Wahan Ke Log

1967, India

Director

N.A. Ansari

Cast

Pradeep Kumar, Tanuja, Nilofar, Nisar Ahmad Ansari, Johnny Walker, Shobhna Samarth, D.K. Sapru, Champak Lal, Hari Shukla, Laxmi Chhaya, Bela Bose, Khurshid, Kiran, Anand Tiwari, Amrit Rana

Cinematography

Roque M. Layton

It’s a cause for celebration when a B movie delivers on its concepts as spectacularly as Wahan Ke Log does. Especially given Wahan Ke Log is an Indian B movie and must shoehorn in its disparate genre element alongside all of the requisite singing, dancing and romancing. For this, all it asks in return is that you suspend — or completely abandon — your disbelief and fill in the inevitable gaps left by budgetary shortfall with your imagination. Like the best Indian popular films, it exhibits an expansive generosity in its sincere desire to entertain.

At the time of Wahan Ke Log’s release, science fiction was an unexplored genre in mainstream Indian cinema and was, to the extent that it was seen at all, solely the purview of the country’s B movie industry. This has only changed in recent years, when, as in Hollywood, science fiction became inextricably wed to the action genre with costly tent-pole pictures like Ra.one. Of course, one fanciful type of film that was far more prevalent in the low budget “stunt films” of the day was the spy movie.

1967’s entry in the James Bond series, You Only Live Twice had a marked impact on the film industries of Asia, perhaps because it was the first Bond film to feature a largely Asian cast, many of them familiar Japanese supporting players. That it had that impact is evidenced by the many Asian films that either imitated it or borrowed wholesale it’s footage and soundtrack cues. Alongside Hong Kong, India was a prolific producer of small scale spy films that, like the Bond films, trafficked in suave superspies, scheming femme fatales, crafty gadgets and fiendish supervillains in high tech island lairs. The thing that sets Wahan Ke Log apart is that it combines these tropes with those of a 1950s Martian invasion film, which it makes it that much more fun. It also places Wahan Ke Log in the vanguard of a mini-wave of flying saucer-themed spy capers that included the Matt Helm entry The Ambushers and 1968’s The Bamboo Saucer.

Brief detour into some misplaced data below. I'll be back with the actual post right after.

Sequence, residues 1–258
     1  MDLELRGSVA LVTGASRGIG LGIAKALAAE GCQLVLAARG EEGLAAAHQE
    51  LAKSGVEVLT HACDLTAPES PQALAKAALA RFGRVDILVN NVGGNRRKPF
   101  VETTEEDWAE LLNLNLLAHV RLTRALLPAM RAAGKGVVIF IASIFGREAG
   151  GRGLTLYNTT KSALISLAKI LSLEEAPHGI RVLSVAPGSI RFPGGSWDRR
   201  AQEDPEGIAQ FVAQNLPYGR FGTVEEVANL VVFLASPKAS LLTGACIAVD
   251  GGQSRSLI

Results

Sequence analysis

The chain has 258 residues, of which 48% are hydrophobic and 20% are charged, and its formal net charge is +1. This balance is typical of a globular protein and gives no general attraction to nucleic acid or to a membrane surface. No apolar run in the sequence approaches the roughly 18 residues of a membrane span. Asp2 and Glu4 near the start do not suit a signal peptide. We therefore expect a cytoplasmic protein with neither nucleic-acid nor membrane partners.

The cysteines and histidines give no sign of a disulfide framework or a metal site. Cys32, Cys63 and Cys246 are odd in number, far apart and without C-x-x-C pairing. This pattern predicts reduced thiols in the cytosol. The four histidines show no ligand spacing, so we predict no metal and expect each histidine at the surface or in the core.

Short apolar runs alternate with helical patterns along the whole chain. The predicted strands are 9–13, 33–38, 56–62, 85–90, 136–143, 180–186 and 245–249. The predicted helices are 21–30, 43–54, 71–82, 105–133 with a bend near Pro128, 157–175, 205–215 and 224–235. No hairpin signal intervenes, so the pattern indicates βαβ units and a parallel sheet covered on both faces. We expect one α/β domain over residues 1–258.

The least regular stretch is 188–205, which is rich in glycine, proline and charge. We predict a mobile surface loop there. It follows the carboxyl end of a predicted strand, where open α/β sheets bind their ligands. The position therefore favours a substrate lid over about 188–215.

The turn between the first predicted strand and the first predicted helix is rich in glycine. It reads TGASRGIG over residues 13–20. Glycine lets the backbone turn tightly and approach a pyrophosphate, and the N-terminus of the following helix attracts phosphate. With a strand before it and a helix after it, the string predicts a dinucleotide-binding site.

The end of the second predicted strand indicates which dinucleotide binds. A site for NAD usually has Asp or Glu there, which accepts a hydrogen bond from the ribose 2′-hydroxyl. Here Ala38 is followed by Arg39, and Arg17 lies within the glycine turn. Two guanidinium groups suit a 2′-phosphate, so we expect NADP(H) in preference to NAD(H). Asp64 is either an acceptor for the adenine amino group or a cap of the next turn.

As Wahan Ke Log opens, India is in the throes of UFO fever. A wealthy man sits in his penthouse, chortling at headlines about invaders from Mars. That is, until a flying transmitter sails in through his window, affixes itself to his wall, and begins broadcasting orders from the Martians. He is to deliver his entire cache of diamonds to the Martians at midnight that night of suffer the consequence. The Martians also tell him not to alert the authorities, which he of course does. This results in him being paid a visit by a comely female emissary of the Martians who disintegrates him with a ray gun.

There have apparently been a wave of such crimes in recent days, but the head of the CID gives no weight to the whole Martian invasion angle, thinking instead that it is a hoax pulled off by some kind of criminal syndicate. His chief suspect is Professor Chakravorty (played by the film’s director, N.A. Ansari), who is known to have invented a laser weapon much like the one used in the crimes. He has no choice but to assign his top man, Agent Vinod, to the case. Vinod, meanwhile, has seduced an alleged Martian woman into revealing the name of the syndicates’ leader: it is Anil (Ansari again), the dissolute son of the righteous Professor Chakravarty, who is listening to everything they are saying via a transmitter Anita is wearing. Both of them are summarily executed by Anil’s gunsels, leaving the task at hand in the hands of Agent Rakesh, who we are forced to assume is the CID’s second most competent agent.